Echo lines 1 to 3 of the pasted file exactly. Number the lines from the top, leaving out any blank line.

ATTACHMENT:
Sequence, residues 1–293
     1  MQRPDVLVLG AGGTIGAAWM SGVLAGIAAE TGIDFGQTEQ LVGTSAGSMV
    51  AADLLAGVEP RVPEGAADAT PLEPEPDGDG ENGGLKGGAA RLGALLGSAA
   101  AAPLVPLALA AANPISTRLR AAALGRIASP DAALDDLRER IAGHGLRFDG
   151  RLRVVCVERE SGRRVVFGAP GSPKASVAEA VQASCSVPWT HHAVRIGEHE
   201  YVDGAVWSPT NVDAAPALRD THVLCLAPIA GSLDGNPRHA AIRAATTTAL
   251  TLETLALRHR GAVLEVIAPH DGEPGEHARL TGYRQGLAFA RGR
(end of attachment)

Sequence, residues 1–293
     1  MQRPDVLVLG AGGTIGAAWM SGVLAGIAAE TGIDFGQTEQ LVGTSAGSMV
    51  AADLLAGVEP RVPEGAADAT PLEPEPDGDG ENGGLKGGAA RLGALLGSAA